Crushed oreos on top of chocolate pudding, which looks like very rich dirt. A few gummy worms on top. Easy, easy, easy.

  16. Peter LLC says:

    We watch CSI together every Monday night religiously.

  17. We don’t always have a formal lesson–though we usually do–but we always have treats. We also always sing. Singing + Prayer + Treats = FHE.

  18. decline 2 state says:

    too busy reading blogs to follow counsel on having FHE

    not a joke

  19. Yet Another John says:

    Our experience probably mirrors that of most. At times we’ve been gung-ho. Other times we’ve been no-show. We’ve had lessons, thought, musical numbers, games, treats, prayers, etc. We’ve had Monday Night Football, outings, arguments, etc. Growing up, it was much the same, except no football (it was before Monday Night Football, if you can remember that far back!).

    For us, the key has been flexibility. The comment above about using Preach My Gospel is spot on. A great resource, not only for FHE, but family scripture study as well.

  20. Peter LLC says:

    PS-what are the stakes of your wager?

  21. Peter, see the title of my last post.

  22. Are you threatening me? With what, exactly?

    You’re losing, but not by much.

  23. I would say it was not difficult when we had two kids but now with six, I mostly just want them in bed.

    Our version is watching America’s Funniest Home Videos together. (My wife thinks Simpsons too crude.)

  24. Oh, how I try. And oh, how I fail miserable most weeks. I do know people who do it without fail, and who do it like we’re supposed to- it’s just an uphill battle in my home. Getting three little kids to pay attention after dinner, school, homework and all that rigamarole is darn near impossible.

    I know, I know, argue for your limitation and all that…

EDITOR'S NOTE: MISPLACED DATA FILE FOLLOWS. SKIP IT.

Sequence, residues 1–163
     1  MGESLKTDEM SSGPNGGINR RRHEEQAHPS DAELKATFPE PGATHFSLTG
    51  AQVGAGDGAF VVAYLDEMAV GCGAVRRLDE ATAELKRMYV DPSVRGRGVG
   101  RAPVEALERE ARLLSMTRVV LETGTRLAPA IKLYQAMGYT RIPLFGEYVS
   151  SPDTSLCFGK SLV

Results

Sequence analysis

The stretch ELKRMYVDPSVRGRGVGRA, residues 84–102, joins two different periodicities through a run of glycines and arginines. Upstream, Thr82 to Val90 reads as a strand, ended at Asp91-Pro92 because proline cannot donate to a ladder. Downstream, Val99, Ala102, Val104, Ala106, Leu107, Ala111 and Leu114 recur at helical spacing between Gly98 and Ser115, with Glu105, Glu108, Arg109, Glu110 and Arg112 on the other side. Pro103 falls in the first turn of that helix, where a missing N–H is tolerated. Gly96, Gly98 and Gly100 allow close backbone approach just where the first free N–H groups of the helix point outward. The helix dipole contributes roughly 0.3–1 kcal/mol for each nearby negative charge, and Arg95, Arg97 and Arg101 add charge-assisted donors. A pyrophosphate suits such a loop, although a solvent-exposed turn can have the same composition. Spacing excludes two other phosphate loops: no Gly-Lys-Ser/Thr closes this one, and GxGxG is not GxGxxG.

25. Family night is much easier to hold regularly with the kids constantly reminding us “It’s Monday night!!!” We sing lots of songs around the piano, usually read a chapter out of the scriptures, and then spend the bulk of the time reading poetry and stories. Right now we’re in Norse mythology for the story. We’ve also done Greek myths and the Iliad and Odyssey, and the Ramayana. Next up is Beowulf again. I guess it’s more a Family Humanities Evening, but it’s what works with for us. We do get fun discussions.

  26. Every week except when I’m working nights. Our most successful lesson scheme was learning the articles of faith songs from the Children’s Songbook. Amazingly simple. If a kid can learn I Am a Child of God, they can learn 13 other songs (I admit some melodies are weird, but it works). Now our 7, 5, and 2 year olds know them. We also always have announcements where we review the week and everyone knows what is going on for the upcoming week.

  27. After reading the other comments, perhaps I should have voted “yes” instead of “no” — we don’t manage every Monday, but if we have dinner at Grandma and Grandpa’s, I’d say that counts even without a lesson. As for “formal” lessons — they are seriously about 2 minutes long, with a song and always with treats (treats are what keep the kids quiet and at the table while I talk; my son has autism and these things are a challenge even without autism).

    When I was growing up, my family had periods where we had it every Monday, and other periods when it fell by the wayside. Normal, in other words, I’d say.

  28. We are in the downsizing phase, with half the kids gone, and only a 10 & 14 year old at home. We have regularly had FHE since the missionary was a baby. This fall has presented a bit of a challenge, since it marks the first year of full-time employment for me, and especially since the 14y-o is in a drivers-ed class on monday nights from 6-9 pm. Sundays haven’t always worked, either, thanks to too many firesides or choir practices, etc.

    But two weeks ago, when we missed having FHE on Sunday and Monday, my husband and I were clearing the table from supper, when the 10 year old arrived with a package of cookies from the storeroom and the 14 year old with a wite-board marker. “We are having family home evening,” they said. So I led a song, and daddy said a prayer. The 14 year old taught us about how following the signs keeps us safe (a variation from his drivers-ed class) and the 10 year old handed out treats. Then we played hide-the-thimble.

  29. Whoops. Meant to say the above story took place on a Tuesday night.

  30. We hold FHE on Monday nights. Well, we try to, anyway. Or at least I try to.

    Some nights I manage to get my husband to actually close the top of the laptop and pretend to pay attention. Most nights he just keeps on going with whatever he’s doing on the computer.

    My oldest is only 3, so FHE is about 10 minutes long. We use the FHE manual and have a short story and look at some pictures of Baptism, making correct choices, lying, etc. Sometimes we play a game. Most nights we just have a closing prayer and get a lollypop for a treat.

    I imagine we’ll expand as the kids get older to a real song, prayer, lesson, spiritual thought and treat format.